As a gardening journalist, I’m used to receiving all sorts of unexpected things to trial but one that stood out last year among the composts and carrots was tiger nuts.
I must confess that until the package arrived from Dobies I had never heard of them and was unsure what to expect.
What arrived were plants that looked not unlike a long grass. Not surprising given that Cyperus esculentus is a member of the sedge family.
How I grew them
I planted them up into a large pot filled with ordinary multi-purpose peat-free compost and stood them by the side of the greenhouse.
Then, I must confess, I largely forgot about them. They got watered and fed along with plants both inside and outside the greenhouse but other than that were left to get on with it.
And they did. They grew away quite happily until the leaves started dying away in late autumn – quite late last year due to the mild weather.
Taking them into the potting shed to ‘harvest’ the crop, I decided that the soil was too wet to part it easily from the nuts, which are really just a knobbly root at the end of the grass.
So, I pulled them out of the pot and left the soil to dry out a little before trying again. Even so, they were not easy to separate from the foliage and getting the soil off was even trickier. I resorted to a vegetable scrubbing brush and a lot of water before the nuts seemed clean enough to eat.
The taste test
What of the taste? Well, they are described as being a little like sweet coconut and certainly the texture reminded me of it – unfortunate as coconut is something I can’t bear.
The rest of the family varied in their opinions from “weird” to “they’re ok”. Not an absolute winner with us then.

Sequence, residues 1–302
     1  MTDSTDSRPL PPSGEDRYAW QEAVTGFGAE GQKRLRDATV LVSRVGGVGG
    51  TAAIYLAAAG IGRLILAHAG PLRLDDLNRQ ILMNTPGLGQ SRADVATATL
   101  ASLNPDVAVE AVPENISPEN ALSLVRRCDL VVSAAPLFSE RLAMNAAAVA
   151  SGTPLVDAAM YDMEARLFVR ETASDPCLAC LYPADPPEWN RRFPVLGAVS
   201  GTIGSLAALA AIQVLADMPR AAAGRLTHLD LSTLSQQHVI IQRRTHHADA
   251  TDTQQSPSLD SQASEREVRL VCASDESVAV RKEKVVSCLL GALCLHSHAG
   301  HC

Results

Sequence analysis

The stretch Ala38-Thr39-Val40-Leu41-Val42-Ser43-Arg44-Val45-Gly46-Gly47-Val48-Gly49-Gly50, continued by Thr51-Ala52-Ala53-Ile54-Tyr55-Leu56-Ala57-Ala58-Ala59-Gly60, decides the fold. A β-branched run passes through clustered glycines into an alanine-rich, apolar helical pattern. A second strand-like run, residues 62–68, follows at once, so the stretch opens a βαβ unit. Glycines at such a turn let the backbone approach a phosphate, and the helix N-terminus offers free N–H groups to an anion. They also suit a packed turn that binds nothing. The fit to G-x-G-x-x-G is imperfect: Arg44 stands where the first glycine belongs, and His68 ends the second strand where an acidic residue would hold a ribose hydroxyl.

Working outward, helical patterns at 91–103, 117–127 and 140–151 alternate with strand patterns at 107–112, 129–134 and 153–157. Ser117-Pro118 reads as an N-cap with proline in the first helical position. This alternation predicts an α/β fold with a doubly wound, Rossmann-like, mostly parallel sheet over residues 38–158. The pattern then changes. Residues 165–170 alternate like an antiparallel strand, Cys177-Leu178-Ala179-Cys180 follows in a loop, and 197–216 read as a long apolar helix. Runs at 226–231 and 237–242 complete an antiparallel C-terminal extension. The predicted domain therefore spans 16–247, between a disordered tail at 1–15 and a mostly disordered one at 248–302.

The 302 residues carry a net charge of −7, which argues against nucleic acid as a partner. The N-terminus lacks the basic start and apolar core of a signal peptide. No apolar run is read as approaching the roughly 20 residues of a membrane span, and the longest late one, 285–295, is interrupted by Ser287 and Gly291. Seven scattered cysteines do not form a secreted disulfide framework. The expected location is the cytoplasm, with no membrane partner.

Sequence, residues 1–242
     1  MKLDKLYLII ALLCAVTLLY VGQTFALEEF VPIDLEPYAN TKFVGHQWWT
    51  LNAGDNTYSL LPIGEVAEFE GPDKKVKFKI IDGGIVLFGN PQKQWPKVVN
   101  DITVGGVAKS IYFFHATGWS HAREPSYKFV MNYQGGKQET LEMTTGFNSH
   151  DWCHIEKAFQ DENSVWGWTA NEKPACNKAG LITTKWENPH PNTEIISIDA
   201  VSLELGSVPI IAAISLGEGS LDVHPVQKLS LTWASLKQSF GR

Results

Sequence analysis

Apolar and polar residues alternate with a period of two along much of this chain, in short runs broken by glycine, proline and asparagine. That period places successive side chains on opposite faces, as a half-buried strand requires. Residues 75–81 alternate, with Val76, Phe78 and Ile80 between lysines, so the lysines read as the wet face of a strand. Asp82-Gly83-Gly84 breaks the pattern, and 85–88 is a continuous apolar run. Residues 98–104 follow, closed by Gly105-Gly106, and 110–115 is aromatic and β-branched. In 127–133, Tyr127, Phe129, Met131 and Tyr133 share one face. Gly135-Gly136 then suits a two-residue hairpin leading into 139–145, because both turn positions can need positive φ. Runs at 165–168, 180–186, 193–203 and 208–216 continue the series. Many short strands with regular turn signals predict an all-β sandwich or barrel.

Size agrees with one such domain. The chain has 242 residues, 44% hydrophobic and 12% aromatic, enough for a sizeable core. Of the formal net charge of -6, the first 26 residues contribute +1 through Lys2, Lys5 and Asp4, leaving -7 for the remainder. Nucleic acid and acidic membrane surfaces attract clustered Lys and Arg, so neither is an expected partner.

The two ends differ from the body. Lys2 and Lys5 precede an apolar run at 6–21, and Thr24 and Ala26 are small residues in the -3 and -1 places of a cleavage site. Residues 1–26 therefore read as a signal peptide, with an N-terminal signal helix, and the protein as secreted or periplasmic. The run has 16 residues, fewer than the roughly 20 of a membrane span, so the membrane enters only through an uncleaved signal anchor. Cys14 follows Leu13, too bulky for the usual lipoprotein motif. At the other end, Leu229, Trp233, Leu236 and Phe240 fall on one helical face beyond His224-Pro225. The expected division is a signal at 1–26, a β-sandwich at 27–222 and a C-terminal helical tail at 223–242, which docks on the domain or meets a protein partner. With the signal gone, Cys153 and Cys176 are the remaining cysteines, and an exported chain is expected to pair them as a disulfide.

However, doing a little research, I discovered that tiger nuts are much prized by many and are nothing new; during the war, they were used as a substitute for sweets.
What’s in tiger nuts?
They are packed with fibre – that was obvious – but also vitamins and minerals. They are also low in calories and contain a type of starch that is digested slowly, making you feel fuller for longer, although given their size you’d have to eat a lot.
Tiger nuts are also gluten-free and, despite their name, are not nuts so perfect as a nut substitute for those with allergies.
Suggested uses include smoothies, chopped into various dishes, or ground into flour, and they can also be dried; you would need to soak them overnight before use. There are even suggestions of peeling them though that would be incredibly difficult.
The plug plants were sent to me as part of the Rob Smith Heritage range from Dobies and this year, there are seeds available too.
If you’re looking for something easy and a little different, perhaps a project for children, they are worth a try – providing, unlike me, you like coconut.
• My tiger nuts plug plants were sent free by Dobies in return for an honest review.
• Read about some more of my 2017 garden trials here.